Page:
Tique asks six questions to an artist about their work and inspiration.
This week: Giulia Parlato.
Lives in London and Palermo
How do you describe your own art practice?
My practice delves into histories, myths and cultural heritage, involving photography and video. I analyse the historical use of photography as a document of truth, specifically in its scientific and forensic uses, and challenge this language, by creating a new space in which staged scenes take place.
Which question or theme is central in your work?
The melancholic and frustrating state, caused by humans’ impossibility to understand the past constitutes the foundation of my work. Central themes are conservation, cultural heritage and the role of the facsimiles.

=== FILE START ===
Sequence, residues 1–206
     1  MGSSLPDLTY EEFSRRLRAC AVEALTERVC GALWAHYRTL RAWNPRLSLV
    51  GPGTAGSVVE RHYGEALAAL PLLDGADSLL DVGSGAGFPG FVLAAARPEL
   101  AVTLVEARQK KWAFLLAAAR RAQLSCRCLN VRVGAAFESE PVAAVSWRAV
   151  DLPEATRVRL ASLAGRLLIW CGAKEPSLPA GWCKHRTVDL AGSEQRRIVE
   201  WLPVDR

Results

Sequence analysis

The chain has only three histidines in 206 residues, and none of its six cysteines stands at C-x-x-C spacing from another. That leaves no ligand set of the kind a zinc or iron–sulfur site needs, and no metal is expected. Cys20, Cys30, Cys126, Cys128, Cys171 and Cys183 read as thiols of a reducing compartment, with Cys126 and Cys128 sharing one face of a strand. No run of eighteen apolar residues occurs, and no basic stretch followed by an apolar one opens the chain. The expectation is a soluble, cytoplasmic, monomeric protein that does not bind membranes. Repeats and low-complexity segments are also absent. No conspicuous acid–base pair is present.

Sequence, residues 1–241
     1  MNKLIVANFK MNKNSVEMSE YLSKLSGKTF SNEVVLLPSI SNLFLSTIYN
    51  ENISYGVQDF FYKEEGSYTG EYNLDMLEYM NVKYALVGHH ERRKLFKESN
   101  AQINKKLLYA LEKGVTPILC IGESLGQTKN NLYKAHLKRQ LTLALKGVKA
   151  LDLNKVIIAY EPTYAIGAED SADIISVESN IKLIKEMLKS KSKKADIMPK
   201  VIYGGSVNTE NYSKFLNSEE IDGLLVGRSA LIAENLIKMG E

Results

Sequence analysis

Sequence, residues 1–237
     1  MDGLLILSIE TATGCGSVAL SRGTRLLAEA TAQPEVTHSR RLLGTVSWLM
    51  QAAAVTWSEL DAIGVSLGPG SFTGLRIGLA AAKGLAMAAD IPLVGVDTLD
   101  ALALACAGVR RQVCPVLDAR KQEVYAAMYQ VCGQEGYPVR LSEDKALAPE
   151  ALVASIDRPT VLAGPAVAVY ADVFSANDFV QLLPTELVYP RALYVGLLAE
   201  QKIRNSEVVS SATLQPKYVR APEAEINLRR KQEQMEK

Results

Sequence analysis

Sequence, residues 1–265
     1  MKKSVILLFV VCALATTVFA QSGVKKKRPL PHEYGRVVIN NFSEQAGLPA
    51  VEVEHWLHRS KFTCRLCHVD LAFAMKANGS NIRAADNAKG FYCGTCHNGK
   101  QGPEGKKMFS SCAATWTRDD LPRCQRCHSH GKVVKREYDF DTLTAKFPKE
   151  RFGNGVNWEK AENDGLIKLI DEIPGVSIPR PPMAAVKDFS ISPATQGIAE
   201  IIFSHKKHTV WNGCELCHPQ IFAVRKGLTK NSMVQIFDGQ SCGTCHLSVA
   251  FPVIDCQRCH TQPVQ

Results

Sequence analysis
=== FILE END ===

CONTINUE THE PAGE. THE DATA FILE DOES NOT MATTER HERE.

What was your first experience with art?
Through my parents. They are both architects and they transmitted me the love for art history, ancient buildings and construction sites.
What is your greatest source of inspiration?
Mostly having conversations with people and listening to music.
What do you need in order to create your work?
A couple of weird eBay orders, some film rolls and someone with a driving licence.
What work or artist has most recently surprised you?
I’ve recently seen the exhibition “the aura in the age of digital materiality” in Bologna which is about Factum Foundation; an amazing organization working with a broad range of 3D scanning technologies. Among other outstanding projects, I was completely blown away by the surface’s remaking of a series of lost paintings such as “Six Sunflowers in a Vase” by Van Gogh and “Water Lilies bay” Monet.